by Connie Oswald Stofko
Steam engines may be a relic of a bygone era, but they were powerful. That’s the lesson that kids can learn when dozens of them team up against a steam-powered tractor in a sneaker pull, one of the attractions held every year at the rally of the Western New York Gas and Steam Engine Association.
The association aims to preserve and display vintage farming equipment and to educate the public.
The rally will be held from 9 a.m. to 9 p.m. Thursday through Sunday, Sept. 4 through 7 at property the association owns at 10294 Gillate Rd., Alexander, near Darien Lake.
You can see steam-powered machines in action sawing wood, plowing and threshing, and there will be parades of the machines, pulls, displays, a flea market and auction. See details here.
Admission is a donation of $6 for adults and free for children 12 and under.
The event has plenty for children, including an improved play area.
“It’s a place where kids can be kids and the adults can sit for a while,” said Dave Mischler, president of the WNY Gas and Steam Engine Association, who spent a lot of time working on the play area.
The play area stays true to the theme of the event. A cut-away boiler shows how a boiler works.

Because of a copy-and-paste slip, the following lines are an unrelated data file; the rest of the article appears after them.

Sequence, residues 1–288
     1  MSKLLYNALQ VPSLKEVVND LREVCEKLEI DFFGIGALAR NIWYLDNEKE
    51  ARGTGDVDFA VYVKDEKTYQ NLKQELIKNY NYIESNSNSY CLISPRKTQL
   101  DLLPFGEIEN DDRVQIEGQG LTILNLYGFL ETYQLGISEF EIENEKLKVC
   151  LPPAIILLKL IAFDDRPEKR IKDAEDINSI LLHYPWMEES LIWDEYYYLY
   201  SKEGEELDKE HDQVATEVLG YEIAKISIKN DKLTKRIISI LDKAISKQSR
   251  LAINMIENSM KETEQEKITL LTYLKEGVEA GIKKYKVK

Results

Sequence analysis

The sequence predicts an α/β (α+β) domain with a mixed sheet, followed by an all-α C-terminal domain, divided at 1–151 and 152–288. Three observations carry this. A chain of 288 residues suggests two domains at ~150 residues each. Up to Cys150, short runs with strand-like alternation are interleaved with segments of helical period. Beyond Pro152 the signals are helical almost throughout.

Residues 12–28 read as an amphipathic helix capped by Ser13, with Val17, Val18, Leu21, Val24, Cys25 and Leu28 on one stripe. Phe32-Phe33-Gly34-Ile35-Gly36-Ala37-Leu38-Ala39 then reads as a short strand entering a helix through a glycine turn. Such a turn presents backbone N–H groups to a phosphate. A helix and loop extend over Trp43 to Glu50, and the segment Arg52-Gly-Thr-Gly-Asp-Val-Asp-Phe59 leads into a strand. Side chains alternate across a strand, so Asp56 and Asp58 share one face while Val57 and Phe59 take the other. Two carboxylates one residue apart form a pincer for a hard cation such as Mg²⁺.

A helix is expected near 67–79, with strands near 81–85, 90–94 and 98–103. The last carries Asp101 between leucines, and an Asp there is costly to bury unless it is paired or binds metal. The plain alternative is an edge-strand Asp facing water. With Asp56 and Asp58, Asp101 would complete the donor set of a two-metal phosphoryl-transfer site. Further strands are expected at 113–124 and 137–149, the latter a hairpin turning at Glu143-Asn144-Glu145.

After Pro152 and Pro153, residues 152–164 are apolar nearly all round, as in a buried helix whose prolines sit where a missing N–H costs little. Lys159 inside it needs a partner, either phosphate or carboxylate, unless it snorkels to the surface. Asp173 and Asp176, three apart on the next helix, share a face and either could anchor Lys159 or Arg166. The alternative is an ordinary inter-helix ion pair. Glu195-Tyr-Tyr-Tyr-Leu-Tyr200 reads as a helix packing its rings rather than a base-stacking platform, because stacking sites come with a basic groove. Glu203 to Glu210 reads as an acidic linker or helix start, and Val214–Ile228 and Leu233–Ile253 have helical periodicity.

In a large sand box, kids can dig and play. Mischler, former president of Mischler’s Florist and Greenhouses, noted that the red, white and blue climbing tunnel had been the smoke stack from Mischler’s coal boiler. That boiler went out of service in 1962.
A gallery of pulleys has six different pulley arrangements. Kids can yank on the ropes to feel which pulleys make it easiest to lift heavy objects and to learn about mechanical advantage.
Some of the steam engines at the rally are about 100 years old, Mischler said. Steamers stopped being made in the 1920s, but some of these machines were used right up until World War II. A few are still used in tobacco growing areas of the south, he added, though around here they are collectors’ items.
Steam power was replaced by kerosene- or gasoline-powered machines. Since some farms didn’t have electricity until after World War II, churns and even wringer washers were powered by small gasoline engines. See our article from last year for more photos.
What really makes this event special is that the steam engines are still operational so you can see them in action.
“It’s something you can’t really see anywhere else,” Mischler said.